Insect Genomes Sequenced, By Year

In the course of assembling an insect genetics lecture for the “Insects & People” class I needed, but could not find, a graph showing the number of insect genomes sequenced by year. So I made one myself:

Data are adapted from Wikipedia. The 2007 spike is a spate of Drosophila genomes intended for comparison with the genetics model workhorse D. melanogaster, while the 2011 peak is due, in part, to all the new ant genomes.

I do apologize for the extra slow blogging of late. I’ve been positively slammed.

*update: and this will look positively pathetic once the i5K genomes start rolling in.

6 thoughts on “Insect Genomes Sequenced, By Year”

    1. The next genomes- after the first fruit fly- were economically and medically important species: Malaria & yellow fever mosquitos, silkworm, and honey bee.

      The next wave were insects of more basic biological interest: many more Drosophila to provide insight on speciation & evolution, social insects to answer questions about social evolution, etc.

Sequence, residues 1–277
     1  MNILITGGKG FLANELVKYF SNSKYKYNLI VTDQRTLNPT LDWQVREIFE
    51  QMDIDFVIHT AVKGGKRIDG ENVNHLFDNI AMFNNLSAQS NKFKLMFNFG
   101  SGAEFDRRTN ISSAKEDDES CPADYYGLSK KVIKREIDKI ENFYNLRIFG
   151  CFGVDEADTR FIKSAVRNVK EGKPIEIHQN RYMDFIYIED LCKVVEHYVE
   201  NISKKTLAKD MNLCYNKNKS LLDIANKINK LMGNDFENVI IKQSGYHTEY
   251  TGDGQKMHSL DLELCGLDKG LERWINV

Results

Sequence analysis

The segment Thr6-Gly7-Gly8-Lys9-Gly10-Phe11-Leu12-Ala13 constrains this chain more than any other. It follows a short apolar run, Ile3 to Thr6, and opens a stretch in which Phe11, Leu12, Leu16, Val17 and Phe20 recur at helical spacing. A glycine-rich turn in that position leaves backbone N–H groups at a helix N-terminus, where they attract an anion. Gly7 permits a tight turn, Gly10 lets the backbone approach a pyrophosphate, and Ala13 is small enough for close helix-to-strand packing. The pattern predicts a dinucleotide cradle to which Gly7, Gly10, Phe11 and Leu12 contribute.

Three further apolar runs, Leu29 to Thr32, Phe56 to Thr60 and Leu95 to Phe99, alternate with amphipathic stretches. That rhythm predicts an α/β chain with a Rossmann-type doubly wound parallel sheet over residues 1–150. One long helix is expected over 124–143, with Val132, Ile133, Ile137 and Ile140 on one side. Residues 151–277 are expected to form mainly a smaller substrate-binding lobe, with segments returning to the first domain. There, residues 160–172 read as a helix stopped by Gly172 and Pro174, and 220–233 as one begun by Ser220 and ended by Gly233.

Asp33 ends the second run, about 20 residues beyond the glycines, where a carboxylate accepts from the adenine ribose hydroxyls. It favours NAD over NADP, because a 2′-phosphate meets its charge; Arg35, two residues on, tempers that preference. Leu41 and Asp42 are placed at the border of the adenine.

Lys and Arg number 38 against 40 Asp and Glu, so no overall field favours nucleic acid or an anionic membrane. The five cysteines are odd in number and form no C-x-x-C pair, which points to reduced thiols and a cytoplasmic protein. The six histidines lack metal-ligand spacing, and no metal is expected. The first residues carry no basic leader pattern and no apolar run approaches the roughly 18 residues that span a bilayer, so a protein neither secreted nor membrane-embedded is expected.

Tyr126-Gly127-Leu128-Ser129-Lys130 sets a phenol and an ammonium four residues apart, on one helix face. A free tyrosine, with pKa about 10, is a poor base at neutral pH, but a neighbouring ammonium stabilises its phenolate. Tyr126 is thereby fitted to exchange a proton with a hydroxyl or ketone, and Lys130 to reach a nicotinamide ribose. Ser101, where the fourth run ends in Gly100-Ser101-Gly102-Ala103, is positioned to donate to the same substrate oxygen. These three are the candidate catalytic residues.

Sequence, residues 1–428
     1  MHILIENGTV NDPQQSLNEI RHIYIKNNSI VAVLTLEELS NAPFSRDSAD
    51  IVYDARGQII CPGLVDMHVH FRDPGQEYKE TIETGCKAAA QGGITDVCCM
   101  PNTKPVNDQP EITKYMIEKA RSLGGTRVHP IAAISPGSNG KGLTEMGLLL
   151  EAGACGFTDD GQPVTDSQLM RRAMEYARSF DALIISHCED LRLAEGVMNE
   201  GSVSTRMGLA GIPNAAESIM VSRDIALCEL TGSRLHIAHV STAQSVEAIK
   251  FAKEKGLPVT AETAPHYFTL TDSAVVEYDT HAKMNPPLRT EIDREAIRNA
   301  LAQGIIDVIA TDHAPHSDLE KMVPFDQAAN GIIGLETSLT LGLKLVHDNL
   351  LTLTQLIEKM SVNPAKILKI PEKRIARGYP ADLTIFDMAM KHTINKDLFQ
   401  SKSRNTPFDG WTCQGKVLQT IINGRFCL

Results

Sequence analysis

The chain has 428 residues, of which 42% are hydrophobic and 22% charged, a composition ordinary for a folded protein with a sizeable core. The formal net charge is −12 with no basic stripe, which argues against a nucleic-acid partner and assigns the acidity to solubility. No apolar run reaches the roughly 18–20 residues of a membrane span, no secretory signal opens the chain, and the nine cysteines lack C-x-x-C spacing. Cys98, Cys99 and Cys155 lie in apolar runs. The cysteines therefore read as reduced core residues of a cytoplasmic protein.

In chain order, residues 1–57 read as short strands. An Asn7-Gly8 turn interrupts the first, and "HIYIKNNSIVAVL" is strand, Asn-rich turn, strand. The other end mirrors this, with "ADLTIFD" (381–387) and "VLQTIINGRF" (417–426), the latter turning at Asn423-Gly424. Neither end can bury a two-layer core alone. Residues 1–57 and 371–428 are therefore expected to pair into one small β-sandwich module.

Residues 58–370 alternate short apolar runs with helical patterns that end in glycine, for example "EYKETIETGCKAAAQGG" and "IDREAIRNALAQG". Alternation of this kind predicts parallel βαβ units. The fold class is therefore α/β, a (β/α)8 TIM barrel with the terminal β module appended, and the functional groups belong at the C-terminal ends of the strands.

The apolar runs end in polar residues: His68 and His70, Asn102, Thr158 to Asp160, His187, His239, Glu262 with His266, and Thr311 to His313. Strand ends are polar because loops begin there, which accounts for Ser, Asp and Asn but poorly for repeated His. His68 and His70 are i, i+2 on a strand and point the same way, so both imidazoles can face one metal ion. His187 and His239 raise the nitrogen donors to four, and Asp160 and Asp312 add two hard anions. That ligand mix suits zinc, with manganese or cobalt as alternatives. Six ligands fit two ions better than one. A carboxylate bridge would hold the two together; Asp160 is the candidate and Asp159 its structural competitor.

1. LOL Looks positively pathetic RIGHT NOW without ANY other consideration. Especially in light of the fact that nearly all are unreplicated grab samples. But considering that we must start someplace, it’s great !!

    Faster please !!! Only a couple of million more species plus population replicates to go. I am sure we will finish real soon now.

      1. I really don’t blame you. The more I learn, the less I know. Of course, with all this global warming causing smaller brains, this is not surprising. ROFL

        Seriously, I am always staggered at the complexity of genetic sequences, somatic variability, protein combinant pathways, epigenetics, etc. Faster please !!

  2. Dear Alex,

    if you need a list of all sequenced insects (genome assemblies publically available) just go to http://www.diark.org. This database is available since years and provides access and metadata to all sequenced eukaryotes. Select from the search modules whatever filter you want to apply (e.g. “insects”) and you will get the list of species including information like sequencing method, publications, links to sequencing centers, taxonomy, etc., and you can also click on the “Sequencing Stats” result tab to get graphs in any format showing e.g. #species sequenced per year, sequencing methods, genomes complete, GC content in relation to genome size, etc. Your graph is not really correct as your list probably refers to “insect genomes published per year”, as the genomes have been sequenced and were made available years before.

    Best regards

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